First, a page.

What the next days and weeks will show is what the factions look like. If the Army has split, even so slightly, then that fact should manifest itself in the appearance of a number of blocs. Which way the civilian opposition groups are drawn will serve as an indicator, in the way that dust is drawn to some giant unseen gravitational source, of what is going on beneath. Some opposition groups will tailor their programs to capture some of the “aid” money the Obama administration is putting together, but the fundamental character of these blocs may already be determined by prior events — where they fall within the new constellation.
Not only will the cast of characters shake out, but so will process. The answer to the question: how will this unfinished revolution complete itself will soon be apparent. Will the Army countenance some form of provisional government? Or is too divided to decide what to do yet? In other words, will the parliament remain in the streets or will it move inside a building?
Lastly, the U.S. is not the only country which is probably preparing an “aid package” to the opposition. Iran, Saudi Arabia and maybe even Israel must be considering whom and what to support. One hopes the president knows what the shape of coming events in Egypt are likely to assume before announcing his satisfaction or dissatisfaction with them in public over the next few days. Charles Lane at the Washington Post says Mubarak’s departure is an opportunity for the president to claim “victory” in the Middle East; that having been dragged kicking and screaming into Egypt, he can now declare himself to have always been completely in control:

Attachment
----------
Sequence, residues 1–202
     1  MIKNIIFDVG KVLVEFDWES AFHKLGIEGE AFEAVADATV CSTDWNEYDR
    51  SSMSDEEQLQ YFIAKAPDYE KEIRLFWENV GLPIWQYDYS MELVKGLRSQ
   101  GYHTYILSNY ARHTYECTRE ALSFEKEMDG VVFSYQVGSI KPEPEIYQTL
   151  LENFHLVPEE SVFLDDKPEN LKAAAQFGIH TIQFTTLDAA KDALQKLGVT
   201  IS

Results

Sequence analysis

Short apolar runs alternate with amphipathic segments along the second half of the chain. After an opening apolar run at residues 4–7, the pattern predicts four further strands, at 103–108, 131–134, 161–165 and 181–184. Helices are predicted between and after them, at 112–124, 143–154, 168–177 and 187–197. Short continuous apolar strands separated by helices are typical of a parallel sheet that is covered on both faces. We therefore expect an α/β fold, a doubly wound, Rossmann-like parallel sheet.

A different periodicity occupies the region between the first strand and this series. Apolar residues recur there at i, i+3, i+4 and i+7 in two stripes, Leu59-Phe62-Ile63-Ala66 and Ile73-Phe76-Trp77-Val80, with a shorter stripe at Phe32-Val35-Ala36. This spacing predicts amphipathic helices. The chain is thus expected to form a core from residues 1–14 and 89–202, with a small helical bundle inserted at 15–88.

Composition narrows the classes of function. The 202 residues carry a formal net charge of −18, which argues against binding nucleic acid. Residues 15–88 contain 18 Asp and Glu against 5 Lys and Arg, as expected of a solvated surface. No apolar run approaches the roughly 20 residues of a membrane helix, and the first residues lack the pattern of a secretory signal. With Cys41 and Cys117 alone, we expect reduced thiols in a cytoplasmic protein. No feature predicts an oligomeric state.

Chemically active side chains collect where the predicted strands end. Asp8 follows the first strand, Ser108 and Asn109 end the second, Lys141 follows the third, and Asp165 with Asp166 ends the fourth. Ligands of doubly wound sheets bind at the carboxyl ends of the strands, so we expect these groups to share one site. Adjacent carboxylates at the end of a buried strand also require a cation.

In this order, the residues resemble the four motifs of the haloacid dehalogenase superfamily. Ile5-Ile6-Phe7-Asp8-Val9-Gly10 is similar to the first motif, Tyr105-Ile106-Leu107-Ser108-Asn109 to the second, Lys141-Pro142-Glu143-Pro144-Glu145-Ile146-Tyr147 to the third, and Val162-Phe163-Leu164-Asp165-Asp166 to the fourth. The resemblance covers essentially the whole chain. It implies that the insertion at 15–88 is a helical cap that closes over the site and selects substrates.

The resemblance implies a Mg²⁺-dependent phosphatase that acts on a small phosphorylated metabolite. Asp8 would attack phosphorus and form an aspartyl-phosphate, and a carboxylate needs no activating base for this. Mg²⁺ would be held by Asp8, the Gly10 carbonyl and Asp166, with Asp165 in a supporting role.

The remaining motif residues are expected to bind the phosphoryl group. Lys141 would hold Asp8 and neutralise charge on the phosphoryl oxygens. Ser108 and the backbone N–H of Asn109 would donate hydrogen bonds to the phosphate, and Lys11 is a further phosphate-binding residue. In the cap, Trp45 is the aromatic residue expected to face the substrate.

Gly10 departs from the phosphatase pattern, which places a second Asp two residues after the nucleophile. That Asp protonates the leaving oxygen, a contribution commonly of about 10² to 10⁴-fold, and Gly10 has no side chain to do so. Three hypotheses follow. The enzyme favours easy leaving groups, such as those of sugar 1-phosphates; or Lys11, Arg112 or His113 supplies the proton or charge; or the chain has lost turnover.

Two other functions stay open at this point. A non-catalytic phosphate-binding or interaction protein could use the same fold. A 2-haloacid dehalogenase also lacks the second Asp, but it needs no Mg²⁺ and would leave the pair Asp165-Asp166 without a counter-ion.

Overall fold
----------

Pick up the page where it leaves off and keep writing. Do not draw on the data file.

The Republicans would be forced to concede that this president had, indeed, fulfilled one of his major campaign promises of 2008: to catalyze a better understanding between the United States and the Muslim world. Obama would even be able to claim victory in a cause — Middle East democracy — that his predecessor articulated but did not irreversibly advance except, possibly, in Iraq.
It will take adjustments in Obama’s thinking: He must embrace democratic change in the Arab world more forcefully than he has in the past, with all the risks that entails. But the rewards could be great, great enough to warrant a major investment of his administration’s time and energy in Egypt over the rest of his term.
But the wheel’s still in spin. If rival “aid packages” converge on Egypt, then it may become the vortex of regional forces, the Spain along the Nile. And there is also the possibility that Mubarak’s departure may mark only the beginning of similar developments elsewhere. This may not end in Cairo, any more than it ended in Tunis. While evoking historical parallels like Spain, we should never forget the Dambusters.
The raid took place on the night of 16/17 May, 1943. The Möhne and Eder Dams were breached and massive damage done, with large areas of flooding, photographed by a Spitfire PR XI of No. 542 Sqn out of RAF Benson, Oxfordshire, the following morning. Unfortunately, 8 out of 19 attacking aircraft were lost. Gibson was awarded the Victoria Cross, the nation’s highest award; all the other surviving aircrew were decorated. King George VI inspected 617 Sqn (now know as ‘The Dambusters’) at Scampton, and approved their official motto ‘Après moi le déluge’ – ‘After me, the flood’, allegedly used by the French King Louis XV (1710-1774).
Apres moi le deluge. Apres Mubarak, something anyhow.